Journal or Book Title
Water Quality Assessments in the Mississippi Delta
ACS Symposium Series, Vol. 877
Herbicides are transported through subsurface drainage to surface waters from corn-growing areas of the USA and Canada. Herbicide losses are highly variable, ranging between 0.01 to 10 g/ha. The magnitude of herbicide loss results from precipitation patterns, herbicide-soil interactions, and farming practices. This report reviews existing literature and presents new research concerning effects of farming practices on herbicide losses in drainage water. Conservation tillage practices which increase infiltration tend to increase herbicide losses. Increasing intensity of drainage and increased frequency and rate of herbicide use also increase herbicide losses. Banding lowers the application rate and reduces annual losses and average concentrations of atrazine compared to broadcast applications. Metolachlor losses were reduced by banding, but the effect was only statistically significant in continuous corn systems.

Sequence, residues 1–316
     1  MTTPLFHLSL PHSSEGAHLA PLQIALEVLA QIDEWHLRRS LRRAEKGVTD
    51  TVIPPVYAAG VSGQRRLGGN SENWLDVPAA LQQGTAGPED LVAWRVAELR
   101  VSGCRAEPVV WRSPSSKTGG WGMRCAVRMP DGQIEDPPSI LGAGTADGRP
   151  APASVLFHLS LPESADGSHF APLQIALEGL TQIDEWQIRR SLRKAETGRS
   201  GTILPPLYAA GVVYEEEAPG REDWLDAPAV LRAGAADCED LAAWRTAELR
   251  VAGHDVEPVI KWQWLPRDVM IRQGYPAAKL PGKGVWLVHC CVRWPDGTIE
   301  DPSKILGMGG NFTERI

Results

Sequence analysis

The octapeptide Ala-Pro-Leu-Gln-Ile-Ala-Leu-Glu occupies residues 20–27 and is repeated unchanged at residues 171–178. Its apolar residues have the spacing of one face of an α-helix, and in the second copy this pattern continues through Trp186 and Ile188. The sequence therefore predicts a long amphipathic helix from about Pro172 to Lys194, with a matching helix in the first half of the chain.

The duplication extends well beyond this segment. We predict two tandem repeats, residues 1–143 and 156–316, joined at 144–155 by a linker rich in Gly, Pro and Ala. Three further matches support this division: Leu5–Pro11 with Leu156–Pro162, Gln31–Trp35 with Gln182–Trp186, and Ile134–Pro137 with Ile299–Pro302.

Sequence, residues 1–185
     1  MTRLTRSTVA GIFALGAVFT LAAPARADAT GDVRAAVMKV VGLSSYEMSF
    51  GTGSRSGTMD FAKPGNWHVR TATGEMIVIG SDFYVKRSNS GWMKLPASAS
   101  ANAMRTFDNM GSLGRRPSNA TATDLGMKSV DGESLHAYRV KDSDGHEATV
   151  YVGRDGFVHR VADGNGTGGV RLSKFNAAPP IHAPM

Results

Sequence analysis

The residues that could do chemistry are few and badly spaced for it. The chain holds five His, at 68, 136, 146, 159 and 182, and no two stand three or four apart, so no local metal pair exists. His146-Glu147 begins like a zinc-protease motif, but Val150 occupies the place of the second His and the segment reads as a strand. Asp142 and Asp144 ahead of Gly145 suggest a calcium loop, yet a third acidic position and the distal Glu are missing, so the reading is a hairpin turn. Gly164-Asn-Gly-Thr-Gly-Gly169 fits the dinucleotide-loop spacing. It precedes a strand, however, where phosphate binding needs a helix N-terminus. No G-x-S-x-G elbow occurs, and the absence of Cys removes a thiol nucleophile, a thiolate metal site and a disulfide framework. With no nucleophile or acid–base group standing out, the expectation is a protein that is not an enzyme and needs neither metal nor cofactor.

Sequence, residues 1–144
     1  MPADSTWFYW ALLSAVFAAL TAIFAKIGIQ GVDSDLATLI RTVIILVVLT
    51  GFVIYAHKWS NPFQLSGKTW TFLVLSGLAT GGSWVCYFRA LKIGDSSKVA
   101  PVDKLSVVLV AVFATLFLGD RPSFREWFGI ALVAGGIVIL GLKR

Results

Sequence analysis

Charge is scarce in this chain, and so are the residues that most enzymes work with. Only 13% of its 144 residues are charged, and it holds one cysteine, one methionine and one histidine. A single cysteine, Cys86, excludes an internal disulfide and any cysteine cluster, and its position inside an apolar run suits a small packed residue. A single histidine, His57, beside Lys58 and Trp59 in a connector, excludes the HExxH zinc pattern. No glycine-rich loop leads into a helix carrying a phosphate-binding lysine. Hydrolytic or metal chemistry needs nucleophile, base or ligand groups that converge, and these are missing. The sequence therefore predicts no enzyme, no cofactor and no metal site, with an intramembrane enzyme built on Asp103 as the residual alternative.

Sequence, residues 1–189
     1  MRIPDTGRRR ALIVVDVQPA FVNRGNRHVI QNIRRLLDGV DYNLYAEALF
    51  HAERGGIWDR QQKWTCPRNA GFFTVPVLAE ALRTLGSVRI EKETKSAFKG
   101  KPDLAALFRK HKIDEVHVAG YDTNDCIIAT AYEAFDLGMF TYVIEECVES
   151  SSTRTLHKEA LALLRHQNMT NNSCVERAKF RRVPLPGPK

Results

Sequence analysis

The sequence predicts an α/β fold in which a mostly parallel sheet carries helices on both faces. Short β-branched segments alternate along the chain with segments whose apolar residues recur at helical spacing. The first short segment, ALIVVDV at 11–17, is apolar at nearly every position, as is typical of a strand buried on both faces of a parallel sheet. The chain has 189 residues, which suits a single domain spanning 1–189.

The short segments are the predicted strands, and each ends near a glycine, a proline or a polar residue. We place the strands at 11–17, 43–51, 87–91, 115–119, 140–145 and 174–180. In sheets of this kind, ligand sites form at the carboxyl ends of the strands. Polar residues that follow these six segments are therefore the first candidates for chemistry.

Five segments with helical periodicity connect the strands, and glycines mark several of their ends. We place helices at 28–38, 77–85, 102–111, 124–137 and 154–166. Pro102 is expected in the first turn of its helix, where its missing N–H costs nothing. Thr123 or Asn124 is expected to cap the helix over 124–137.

Works produced by employees of the U.S. Government as part of their official duties are not copyrighted within the U.S. The content of this document is not copyrighted.
Moorman, Thomas B.; Hatfield, Jerry L.; and Kanwar, Rameshwar S., "Herbicide and Nitrate in Surface and Ground Water: Results from the Iowa Management Systems Evaluation Area" (2004). Agricultural and Biosystems Engineering Publications. 563.